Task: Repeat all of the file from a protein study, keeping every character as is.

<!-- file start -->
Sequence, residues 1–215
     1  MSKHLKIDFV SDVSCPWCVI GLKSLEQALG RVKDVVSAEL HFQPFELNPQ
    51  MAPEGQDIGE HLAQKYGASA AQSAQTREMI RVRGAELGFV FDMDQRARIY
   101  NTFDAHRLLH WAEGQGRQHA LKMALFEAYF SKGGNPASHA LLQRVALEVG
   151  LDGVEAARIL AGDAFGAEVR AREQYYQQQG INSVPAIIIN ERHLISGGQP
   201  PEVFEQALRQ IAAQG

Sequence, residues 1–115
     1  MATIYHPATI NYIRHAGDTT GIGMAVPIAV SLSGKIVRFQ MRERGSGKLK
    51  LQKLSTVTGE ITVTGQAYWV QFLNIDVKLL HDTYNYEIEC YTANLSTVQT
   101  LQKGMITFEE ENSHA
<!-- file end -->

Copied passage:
Sequence, residues 1–215
     1  MSKHLKIDFV SDVSCPWCVI GLKSLEQALG RVKDVVSAEL HFQPFELNPQ
    51  MAPEGQDIGE HLAQKYGASA AQSAQTREMI RVRGAELGFV FDMDQRARIY
   101  NTFDAHRLLH WAEGQGRQHA LKMALFEAYF SKGGNPASHA LLQRVALEVG
   151  LDGVEAARIL AGDAFGAEVR AREQYYQQQG INSVPAIIIN ERHLISGGQP
   201  PEVFEQALRQ IAAQG

Sequence, residues 1–115
     1  MATIYHPATI NYIRHAGDTT GIGMAVPIAV SLSGKIVRFQ MRERGSGKLK
    51  LQKLSTVTGE ITVTGQAYWV QFLNIDVKLL HDTYNYEIEC YTANLSTVQT
   101  LQKGMITFEE ENSHA